If opinion is split in opposite directions, the puck remains suspended. The longer it takes for users to decide upon an answer, the less “brainpower” the swarm session receives. A quick decision has 100 percent brainpower. A group that gets stuck in suspension ends up with 0 percent brainpower. In short, brainpower expresses the percentage of consensus for a given answer.

What do UNU users think about AI?

Swarm intelligence may have made remarkable predictions on questions of winning and losing, but the collaborative system can also be applied towards more existential questions, Unanimous AI told TechEmergence. As a media and market research firm with a focus on AI, we were curious what UNU users thought about the future of artificial intelligence.

At our request, Unanimous AI asked a few groups of American users the following questions*:

What AI applications will transform our lives most in the next ten years?

  • Speech recognition systems
  • Smart home / connected devices
  • Systems that adapt to preference
  • Targeted advertising / marketing

When you think of “artificial intelligence,” what do you feel?

  • Fearful
  • Excited
  • Curious
  • Anxious
  • Annoyed

*A total of three sessions were run for each each question. 64 users participated in each of the first sessions. Between 31 and 33 users participated in the second and third sessions.

According to these UNU users, smart home and connected devices will transform our lives the most over the next decade. Meanwhile, curiosity is the most common sentiment to thoughts of AI. Each group landed on a decision quickly enough for UNU to to calculate 100 percent brainpower.

What do these results mean?

First and foremost, the UNU experiment did not include a representative sample of American society. Prior to running the session, Unanimous AI alerted its users that the AI topic would be available to join. As such, those who participated were the type of people who are interested in swarm intelligence, engaged with emerging technology, and available to sign online to participate.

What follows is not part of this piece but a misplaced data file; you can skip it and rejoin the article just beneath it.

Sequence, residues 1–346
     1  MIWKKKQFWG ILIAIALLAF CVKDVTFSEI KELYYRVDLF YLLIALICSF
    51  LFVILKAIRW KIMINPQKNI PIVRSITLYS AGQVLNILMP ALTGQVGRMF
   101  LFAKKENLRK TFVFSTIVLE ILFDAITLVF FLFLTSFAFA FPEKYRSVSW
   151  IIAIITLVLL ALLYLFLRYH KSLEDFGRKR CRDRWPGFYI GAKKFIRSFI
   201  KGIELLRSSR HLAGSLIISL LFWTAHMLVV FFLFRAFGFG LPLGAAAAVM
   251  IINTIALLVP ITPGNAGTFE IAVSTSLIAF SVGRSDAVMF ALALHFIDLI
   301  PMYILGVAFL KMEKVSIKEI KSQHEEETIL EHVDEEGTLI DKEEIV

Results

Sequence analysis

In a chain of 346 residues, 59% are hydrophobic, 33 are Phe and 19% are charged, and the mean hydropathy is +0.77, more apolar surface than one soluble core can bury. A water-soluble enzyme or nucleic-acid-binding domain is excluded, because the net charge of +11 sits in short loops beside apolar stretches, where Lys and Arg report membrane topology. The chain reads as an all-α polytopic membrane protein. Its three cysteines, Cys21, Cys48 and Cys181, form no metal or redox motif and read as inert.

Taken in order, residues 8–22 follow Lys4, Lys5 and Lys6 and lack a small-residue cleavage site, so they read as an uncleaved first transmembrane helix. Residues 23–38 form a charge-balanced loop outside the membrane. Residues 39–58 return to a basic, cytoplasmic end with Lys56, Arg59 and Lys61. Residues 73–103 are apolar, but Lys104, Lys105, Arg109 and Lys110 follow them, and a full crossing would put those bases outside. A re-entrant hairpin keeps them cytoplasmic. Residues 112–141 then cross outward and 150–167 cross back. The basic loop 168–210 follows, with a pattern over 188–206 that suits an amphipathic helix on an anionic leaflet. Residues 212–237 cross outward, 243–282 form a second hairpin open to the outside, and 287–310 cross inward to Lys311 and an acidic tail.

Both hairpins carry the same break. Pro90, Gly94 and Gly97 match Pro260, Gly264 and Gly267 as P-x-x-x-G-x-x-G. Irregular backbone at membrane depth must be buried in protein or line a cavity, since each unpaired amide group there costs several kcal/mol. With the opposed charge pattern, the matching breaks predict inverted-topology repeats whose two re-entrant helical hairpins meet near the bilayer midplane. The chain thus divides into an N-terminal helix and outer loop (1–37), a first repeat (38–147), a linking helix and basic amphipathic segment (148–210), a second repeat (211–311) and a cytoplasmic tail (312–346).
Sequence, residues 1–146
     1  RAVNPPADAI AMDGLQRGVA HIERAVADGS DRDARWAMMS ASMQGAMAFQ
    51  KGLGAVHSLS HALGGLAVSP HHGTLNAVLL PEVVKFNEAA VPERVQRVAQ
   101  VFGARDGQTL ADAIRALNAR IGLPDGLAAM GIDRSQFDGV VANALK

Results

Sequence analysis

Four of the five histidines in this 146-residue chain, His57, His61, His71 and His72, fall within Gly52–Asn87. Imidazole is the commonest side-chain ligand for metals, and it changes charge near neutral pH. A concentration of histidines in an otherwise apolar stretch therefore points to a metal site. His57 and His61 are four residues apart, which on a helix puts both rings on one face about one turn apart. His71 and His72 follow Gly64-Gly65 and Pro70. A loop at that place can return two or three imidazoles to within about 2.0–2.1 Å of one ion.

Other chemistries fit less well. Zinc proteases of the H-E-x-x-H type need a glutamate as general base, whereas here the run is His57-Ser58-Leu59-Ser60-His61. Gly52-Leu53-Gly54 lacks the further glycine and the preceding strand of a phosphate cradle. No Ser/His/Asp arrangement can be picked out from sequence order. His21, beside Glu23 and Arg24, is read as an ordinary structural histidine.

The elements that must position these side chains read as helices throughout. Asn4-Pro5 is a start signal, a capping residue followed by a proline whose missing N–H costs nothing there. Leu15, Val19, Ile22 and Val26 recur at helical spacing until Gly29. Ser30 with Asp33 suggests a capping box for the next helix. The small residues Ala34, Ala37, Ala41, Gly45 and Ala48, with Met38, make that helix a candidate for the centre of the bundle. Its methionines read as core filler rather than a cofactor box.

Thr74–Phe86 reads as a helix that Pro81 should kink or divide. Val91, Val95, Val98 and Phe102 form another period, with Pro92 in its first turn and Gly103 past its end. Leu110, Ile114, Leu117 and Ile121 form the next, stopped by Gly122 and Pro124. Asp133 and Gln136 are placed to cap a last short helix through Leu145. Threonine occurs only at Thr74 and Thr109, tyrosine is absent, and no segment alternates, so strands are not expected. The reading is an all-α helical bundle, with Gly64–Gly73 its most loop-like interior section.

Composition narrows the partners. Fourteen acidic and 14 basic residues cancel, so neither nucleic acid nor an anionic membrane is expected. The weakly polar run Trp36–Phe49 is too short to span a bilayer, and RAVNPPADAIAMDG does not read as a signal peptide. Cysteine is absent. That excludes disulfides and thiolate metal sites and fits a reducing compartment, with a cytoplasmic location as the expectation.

The quick decisions do, however, suggest a strong consensus within this particular community. Even among these emerging technology enthusiasts, curiosity is more prevalent than angst or excitement. And the Internet of Things is overwhelmingly seen as having the most impact on our daily lives, despite advances in AI applied to advertising and marketing.

Many of the nuances of preference and collaboration are lost in UNU. This may prove valuable for decisions about winners and losers, but may inhibit a full understanding of personal emotions and inclinations. For example, it’s difficult to determine if annoyance or fear were perhaps the second most common reaction to AI.

Nonetheless, UNU’s successful predictions make swarm intelligence a promising method for coming to correct conclusions. With these recent results, the technology may well change the betting world, neutralize experts’ importance, and grant us new insights into our collective mind.

Image credit: Pixabay